Court ruling means European Super League - Cormack

4 months ago 85
Super League protest at ChelseaFans demonstrates against the creation of the European Super League

Aberdeen chairman Dave Cormack is already talking to other clubs because he believes the European Court of Justice's ruling "will be the Trojan horse towards" a European Super League.

It added that did not mean a breakaway league would "necessarily be approved".

But Cormack expects the ESL to happen and that it will mean huge changes in Scottish football.

"This will be the Trojan horse towards a European Super League and ultimately cross-border leagues, because when the biggest clubs leave their national leagues the commercial value for the remaining teams will plunge," he said on X, formerly Twitter.

"Replacing the three European competitions will be approximately 60 clubs forming three leagues based on ranking and being guaranteed a minimum 14 European club games each season.

"The only opportunity for clubs ranked 61+ will be to go through qualification rounds to enter the third league only, where there will be relegation."

Cormack says he has already held talks with "like-minded clubs" designed to ensure access to European football, because the consequence of the court ruling would be to double the financial gap between Celtic and Rangers and the rest of Scottish football.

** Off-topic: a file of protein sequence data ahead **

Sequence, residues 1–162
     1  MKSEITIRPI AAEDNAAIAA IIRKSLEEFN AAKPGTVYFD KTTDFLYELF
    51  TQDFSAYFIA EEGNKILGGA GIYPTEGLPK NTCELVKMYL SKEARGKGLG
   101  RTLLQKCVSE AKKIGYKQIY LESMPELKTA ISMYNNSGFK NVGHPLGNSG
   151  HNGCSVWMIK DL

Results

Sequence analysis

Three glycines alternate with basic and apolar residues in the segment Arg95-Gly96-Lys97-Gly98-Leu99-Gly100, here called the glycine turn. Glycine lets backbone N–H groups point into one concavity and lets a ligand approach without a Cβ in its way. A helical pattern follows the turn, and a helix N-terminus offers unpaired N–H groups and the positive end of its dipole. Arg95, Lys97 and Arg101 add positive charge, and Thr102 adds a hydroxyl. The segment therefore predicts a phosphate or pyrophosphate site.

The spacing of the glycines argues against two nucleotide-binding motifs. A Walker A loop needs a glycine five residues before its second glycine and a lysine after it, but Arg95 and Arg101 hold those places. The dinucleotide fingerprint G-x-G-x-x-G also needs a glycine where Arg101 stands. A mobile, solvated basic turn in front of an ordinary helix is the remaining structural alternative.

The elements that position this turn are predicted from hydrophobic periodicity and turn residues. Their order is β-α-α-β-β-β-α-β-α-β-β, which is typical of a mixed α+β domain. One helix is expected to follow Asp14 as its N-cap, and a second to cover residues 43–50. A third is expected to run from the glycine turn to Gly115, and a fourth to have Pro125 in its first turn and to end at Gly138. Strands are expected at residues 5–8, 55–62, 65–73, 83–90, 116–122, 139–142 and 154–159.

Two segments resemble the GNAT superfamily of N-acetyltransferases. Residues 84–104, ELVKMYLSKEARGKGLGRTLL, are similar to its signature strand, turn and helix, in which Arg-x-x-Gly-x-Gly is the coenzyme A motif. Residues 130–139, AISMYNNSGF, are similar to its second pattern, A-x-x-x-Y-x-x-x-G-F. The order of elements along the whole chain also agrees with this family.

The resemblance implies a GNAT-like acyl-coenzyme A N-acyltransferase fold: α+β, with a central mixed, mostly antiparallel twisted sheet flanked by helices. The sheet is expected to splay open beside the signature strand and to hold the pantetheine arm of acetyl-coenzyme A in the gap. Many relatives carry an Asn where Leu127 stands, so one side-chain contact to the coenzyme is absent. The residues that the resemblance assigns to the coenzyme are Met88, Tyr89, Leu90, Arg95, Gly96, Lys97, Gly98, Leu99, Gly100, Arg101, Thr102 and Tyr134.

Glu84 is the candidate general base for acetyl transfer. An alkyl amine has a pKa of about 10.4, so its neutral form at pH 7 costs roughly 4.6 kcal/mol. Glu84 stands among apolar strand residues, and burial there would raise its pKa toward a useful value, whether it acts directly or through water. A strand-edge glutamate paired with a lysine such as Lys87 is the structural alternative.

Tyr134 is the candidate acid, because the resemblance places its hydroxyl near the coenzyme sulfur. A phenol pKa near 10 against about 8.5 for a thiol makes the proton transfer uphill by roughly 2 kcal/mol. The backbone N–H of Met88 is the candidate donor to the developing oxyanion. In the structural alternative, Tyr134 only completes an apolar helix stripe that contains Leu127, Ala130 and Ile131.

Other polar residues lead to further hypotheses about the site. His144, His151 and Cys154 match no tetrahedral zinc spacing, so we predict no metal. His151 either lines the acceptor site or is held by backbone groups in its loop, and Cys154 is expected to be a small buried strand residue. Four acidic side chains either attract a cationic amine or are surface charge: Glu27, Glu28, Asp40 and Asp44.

"As usual, in Scotland, we have slept-walked our way into this without any discussion. Your board at Aberdeen FC has been expecting this decision for some time," he added.

"Throughout our history, including this season's group stages, the appetite for European football if anything has grown significantly.

"We are working with like minded clubs across Europe to make sure we do our utmost to deliver European club competition with similarly competitive clubs, the absence of which will lead to double the current gap in finances versus Celtic and Rangers, who will be included in those 60 ranked teams."

The case was brought to the ECJ by the ESL and its backers, claiming Uefa and Fifa were breaking competition law by threatening to sanction those who joined the breakaway league.

Following the judgement, Uefa said it was "confident in the robustness" of rules while ESL backers A22 have released revamped proposals.

Read Entire Article